HIV Weakens Blood-Brain Barrier
Med India, June 29 -- The blood-brain barrier is disrupted by the HIV virus, according to a study published in the Journal of Neuroscience. Blood-brain barrier is a network of blood vessels that keeps potentially harmful chemicals and toxins out of the brain - by overtaking a small group of supporting brain cells. The findings may help explain why some people living with HIV experience neurological complications, despite the benefits of modern drug regimens that keep them living longer. (Quotes Igor Grant, an expert who studies HIV-associated neurocognitive impairment at UC San Diego.) More

10 Hot Job Trends for College Grads
San Diego Daily Transcript, June 29 – (Article by Henry DeVries, assistant dean for external affairs at UC San Diego Extension.)Even in a tight job market, many great new jobs are being created by innovations being developed by universities like UC San Diego and San Diego State University, and research labs like the Salk Institute and the Scripps Institution of Oceanography. While 14 million Americans remain unemployed, a new trend study from UCSD reveals 10 hot career niches for college graduates. More

Through the Eyes of the Wise
Ventura County Reporter, June 30 -- In many cultures around the globe, the elderly are an honored and respected group in society. Even though the trend here in America seems to bend toward youth and all the exuberance younger ages provide, the elderly play an important role within community life. According to Dilip Jeste, professor of psychiatry at UC San Diego, “Older people are less likely to respond thoughtlessly to negative emotional stimuli because their brains have slowed down.” This development is more commonly known as “wisdom.” More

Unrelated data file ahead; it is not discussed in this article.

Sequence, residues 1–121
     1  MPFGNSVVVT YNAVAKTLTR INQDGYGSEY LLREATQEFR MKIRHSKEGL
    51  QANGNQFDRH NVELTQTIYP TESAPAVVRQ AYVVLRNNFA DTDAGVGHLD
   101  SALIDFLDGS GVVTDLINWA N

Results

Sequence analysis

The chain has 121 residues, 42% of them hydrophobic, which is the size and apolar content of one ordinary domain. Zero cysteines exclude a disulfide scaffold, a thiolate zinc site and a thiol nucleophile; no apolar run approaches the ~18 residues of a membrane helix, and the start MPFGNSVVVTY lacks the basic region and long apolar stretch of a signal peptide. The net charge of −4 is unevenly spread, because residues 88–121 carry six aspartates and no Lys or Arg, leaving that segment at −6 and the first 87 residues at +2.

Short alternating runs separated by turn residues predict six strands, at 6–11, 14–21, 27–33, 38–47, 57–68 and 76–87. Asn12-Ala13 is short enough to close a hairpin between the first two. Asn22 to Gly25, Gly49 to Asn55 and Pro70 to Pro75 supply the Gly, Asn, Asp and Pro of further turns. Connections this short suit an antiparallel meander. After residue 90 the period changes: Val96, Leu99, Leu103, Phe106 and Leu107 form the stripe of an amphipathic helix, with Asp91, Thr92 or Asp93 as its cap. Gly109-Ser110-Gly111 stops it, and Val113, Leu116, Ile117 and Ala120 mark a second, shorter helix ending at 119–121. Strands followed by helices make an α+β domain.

America Can’t Wait for Innovation Reform
San Diego Union Tribune, June 30 -- Dr. Michael Heller of UC San Diego is a brilliant scientist who discovered a new way of synthesizing molecular structures. Eager to exploit the commercial applications of his discovery, he founded a medical technology firm and filed for a patent. He got it – 10 years later. By then, it was too late: In June 2009, Heller’s company, which had employed 89 people, filed for bankruptcy and shut its doors. Currently there are more than 1.2 million applications pending at the federal government’s Patent and Trademark Office in Virginia. The lag time is severe: Most patents take three years to be awarded. But many inventors must wait 10 years or more. At least one patent, for an ultrafast space vessel, took 27 years for approval. More

Military service inspires graduate
Laguna Beach Coastline Pilot, June 29 -- On June 12, Kevin Straight, 28, donned a cap and gown as the first graduate to earn a degree in Arabic at UC San Diego. In the fall, he plans to study international business as part of New York University's MBA program. More